Additional information about the economic, competitive, governmental, technological and other factors that may affect AbbVie's operations is set forth in Item 1A, "Risk Factors," in AbbVie's 2012 Annual Report on Form 10-K/A, which has been filed with the Securities and Exchange Commission. AbbVie undertakes no obligation to release publicly any revisions to forward-looking statements as a result of subsequent events or developments, except as required by law.

[1] Lavanchy D. Evolving epidemiology of hepatitis C virus. Clin Microbiol Infect. 2011; 17(2):107-15.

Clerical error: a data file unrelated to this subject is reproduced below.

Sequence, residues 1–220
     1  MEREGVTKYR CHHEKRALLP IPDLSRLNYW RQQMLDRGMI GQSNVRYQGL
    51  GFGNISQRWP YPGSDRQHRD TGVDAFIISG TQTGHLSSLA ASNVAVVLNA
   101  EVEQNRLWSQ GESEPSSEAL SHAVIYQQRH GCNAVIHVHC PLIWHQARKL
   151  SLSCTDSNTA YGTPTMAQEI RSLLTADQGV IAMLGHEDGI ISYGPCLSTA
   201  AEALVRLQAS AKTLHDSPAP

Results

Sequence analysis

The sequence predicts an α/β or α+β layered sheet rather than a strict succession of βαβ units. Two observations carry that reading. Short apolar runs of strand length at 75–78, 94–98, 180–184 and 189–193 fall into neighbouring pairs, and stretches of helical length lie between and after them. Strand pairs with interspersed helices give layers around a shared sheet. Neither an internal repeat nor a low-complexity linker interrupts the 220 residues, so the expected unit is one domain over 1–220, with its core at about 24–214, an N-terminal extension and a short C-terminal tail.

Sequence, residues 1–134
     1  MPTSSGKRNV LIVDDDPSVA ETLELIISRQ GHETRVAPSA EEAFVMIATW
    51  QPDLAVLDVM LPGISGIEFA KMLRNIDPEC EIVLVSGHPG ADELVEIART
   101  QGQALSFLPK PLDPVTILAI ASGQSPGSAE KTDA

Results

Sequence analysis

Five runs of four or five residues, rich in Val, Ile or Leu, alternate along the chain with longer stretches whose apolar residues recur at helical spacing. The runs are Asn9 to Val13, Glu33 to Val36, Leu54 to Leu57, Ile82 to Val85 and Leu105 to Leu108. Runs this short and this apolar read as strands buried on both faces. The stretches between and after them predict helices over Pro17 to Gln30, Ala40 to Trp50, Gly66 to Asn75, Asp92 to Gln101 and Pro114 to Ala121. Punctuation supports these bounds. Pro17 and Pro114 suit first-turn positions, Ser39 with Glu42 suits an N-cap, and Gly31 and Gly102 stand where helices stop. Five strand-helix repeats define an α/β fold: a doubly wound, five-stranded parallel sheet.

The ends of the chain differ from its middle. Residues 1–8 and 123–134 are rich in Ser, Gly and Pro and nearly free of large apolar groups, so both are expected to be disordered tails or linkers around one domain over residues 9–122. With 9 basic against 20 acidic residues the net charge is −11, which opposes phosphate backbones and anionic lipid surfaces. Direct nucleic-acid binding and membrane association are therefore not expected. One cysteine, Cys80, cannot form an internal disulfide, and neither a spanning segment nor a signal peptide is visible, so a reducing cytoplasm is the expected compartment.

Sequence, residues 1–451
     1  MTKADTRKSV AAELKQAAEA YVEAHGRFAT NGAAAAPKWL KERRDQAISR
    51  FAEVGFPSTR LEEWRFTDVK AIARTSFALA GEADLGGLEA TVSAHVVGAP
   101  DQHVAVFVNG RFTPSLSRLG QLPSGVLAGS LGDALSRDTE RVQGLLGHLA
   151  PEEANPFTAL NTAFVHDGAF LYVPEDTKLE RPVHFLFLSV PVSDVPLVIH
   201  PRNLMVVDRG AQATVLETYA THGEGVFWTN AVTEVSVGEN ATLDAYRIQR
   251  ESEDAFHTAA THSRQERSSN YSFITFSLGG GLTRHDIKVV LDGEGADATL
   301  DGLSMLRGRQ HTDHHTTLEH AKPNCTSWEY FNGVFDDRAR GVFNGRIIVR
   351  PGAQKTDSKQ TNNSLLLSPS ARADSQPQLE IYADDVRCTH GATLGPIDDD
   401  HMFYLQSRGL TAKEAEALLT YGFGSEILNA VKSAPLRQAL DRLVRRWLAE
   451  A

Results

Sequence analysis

[2] Comparison based on review of data from for phase 3a programs of Gilead, BMS and BI as ofNovember 15, 2013

SOURCE AbbVie Inc.

For further information: Media: Elizabeth Hoff, +1 (847) 935-4236,, or Javier Boix, +1 (847) 937-6113,, or For Investor Relations: Elizabeth Shea, +1 (847) 935-2211,


Simeprevir is now available for Hepatitis C patients in Japan, USA and Canada


Stockholm, Sweden—Medivir AB (OMX: MVIR) Based on the recent approvals in Japan, Canada and USA, simeprevir is now available in all three markets. Simeprevir is administered once-daily for 12 weeks in combination with pegylated interferon and ribavirin, followed by pegylated interferon and ribavirin alone for an additional 12 or 36 weeks.

For more information please contact:
Rein Piir, EVP Corporate Affairs & IR, mobile: +46 708 537 292

Medivir is required under the Securities Markets Act to make the information in this press release public. The information was submitted for publication at 8.30 a.m. CET on 10 December 2013.